Life and Death of John Wilkes Booth

Pauline Go asked:

John Wilkes Booth was born at Bel Air, Maryland on May 10, 1838. His father was an actor, on the road for much of the time. Consequently John’s education suffered. John was also a spoiled child. Acting was in the family, and John, blessed with charm and good looks, decided to follow in his father and brother’s footsteps. He had a natural talent which made him popular despite the fact he was lazy and often reluctant to memorize his lines. In 1860, the year Lincoln was elected president, John Booth’s popularity was at its peak.

Booth was an ardent supporter of the Southern states and their policy of slavery. Consequently he felt the Civil War was justified and a necessity. He fervently believed abolitionists were traitors, and gleefully attended the execution of John Brown the well-known abolitionist. Booth wrote fervently that all of abolitionists deserved the same fate.

In 1863, he was forced to leave the stage for some time on medical grounds. In this period of idleness he fermented to plan to abduct the President. The objectives are not clear but it is believed that the intention was to hold the President hostage in for exchange Confederate prisoners. He managed to recruit six others in this venture. The first plan to capture Lincoln near Washington failed when the President failed to appear. It is believed that Booth became so frustrated that he then decided to assassinate President.

On the afternoon of April 14, 1865, he came to learn that Lincoln would be present at the Ford’s Theatre that night to watch a play called Our American Cousin. Booth entered the Presidential box that afternoon and attended to the lock so he could get access later. At 10 o’clock that night he entered the box and shot the President. Lincoln died the following morning. His colleagues were simultaneously to murder the Vice President and Secretary of State. That part of the excise was not carried out.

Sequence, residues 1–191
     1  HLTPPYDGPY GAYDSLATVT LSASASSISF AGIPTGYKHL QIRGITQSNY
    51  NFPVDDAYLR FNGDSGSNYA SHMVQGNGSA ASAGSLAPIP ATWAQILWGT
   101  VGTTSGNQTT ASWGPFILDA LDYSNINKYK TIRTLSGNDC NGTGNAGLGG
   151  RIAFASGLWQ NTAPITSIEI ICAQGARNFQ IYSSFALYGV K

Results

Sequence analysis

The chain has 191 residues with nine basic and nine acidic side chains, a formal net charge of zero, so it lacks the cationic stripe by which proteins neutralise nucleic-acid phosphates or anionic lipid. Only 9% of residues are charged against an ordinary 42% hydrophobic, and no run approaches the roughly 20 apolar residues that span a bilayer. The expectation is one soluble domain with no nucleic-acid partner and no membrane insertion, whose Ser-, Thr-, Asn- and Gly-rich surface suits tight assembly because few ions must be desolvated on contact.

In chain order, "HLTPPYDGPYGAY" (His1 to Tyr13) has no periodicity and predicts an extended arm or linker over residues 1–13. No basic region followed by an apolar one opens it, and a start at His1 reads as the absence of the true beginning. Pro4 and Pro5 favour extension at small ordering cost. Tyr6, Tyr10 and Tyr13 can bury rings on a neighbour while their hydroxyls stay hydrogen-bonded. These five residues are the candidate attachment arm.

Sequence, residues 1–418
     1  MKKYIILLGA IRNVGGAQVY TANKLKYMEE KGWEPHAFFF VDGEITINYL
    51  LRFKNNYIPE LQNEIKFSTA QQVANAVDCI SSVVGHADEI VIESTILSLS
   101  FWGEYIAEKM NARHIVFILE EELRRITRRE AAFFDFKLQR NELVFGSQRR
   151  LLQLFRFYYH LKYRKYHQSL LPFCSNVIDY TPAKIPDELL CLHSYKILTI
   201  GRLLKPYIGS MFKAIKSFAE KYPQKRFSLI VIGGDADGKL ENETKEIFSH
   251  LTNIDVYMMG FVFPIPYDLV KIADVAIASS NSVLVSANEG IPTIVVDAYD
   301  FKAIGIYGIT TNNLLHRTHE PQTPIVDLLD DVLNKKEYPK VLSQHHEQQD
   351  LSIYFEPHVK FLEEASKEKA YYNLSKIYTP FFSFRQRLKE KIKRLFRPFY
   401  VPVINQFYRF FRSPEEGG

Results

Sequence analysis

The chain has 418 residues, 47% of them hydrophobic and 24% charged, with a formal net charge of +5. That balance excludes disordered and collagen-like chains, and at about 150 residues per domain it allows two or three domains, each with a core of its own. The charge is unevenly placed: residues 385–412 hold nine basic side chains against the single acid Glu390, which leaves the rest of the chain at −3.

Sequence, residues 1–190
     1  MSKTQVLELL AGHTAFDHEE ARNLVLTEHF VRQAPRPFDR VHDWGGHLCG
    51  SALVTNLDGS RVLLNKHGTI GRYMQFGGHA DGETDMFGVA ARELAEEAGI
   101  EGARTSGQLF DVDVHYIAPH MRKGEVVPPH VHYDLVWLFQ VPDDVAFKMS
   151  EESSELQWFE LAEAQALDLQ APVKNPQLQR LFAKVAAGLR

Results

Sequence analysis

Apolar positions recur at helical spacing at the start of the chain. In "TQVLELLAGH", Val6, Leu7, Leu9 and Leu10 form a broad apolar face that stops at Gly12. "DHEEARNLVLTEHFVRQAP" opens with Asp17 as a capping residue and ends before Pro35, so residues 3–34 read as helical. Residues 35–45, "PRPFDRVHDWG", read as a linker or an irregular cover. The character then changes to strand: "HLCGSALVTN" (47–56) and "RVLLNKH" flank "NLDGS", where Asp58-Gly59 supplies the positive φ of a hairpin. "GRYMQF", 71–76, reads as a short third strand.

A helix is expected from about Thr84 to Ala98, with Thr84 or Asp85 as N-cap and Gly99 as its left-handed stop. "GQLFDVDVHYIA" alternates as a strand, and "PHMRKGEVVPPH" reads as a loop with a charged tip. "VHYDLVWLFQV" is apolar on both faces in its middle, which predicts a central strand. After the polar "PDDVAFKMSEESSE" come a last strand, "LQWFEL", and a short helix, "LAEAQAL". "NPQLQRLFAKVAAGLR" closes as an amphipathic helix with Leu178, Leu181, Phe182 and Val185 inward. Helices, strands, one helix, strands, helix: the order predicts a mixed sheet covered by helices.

After the shooting, Booth jumped onto the stage in the course of which he injured his leg. Along with another suspect he was nursed by a certain Dr. Mudd for a couple of days. Despite the injured leg he got away and was tracked down to a barn. When asked to surrender he refused. The barn was then set on fire. A shot was heard. One of the pursuers claimed to have shot Booth, but that remains unclear. Knowing there was no escape, Booth might have committed *******. The date was April 26 1865.

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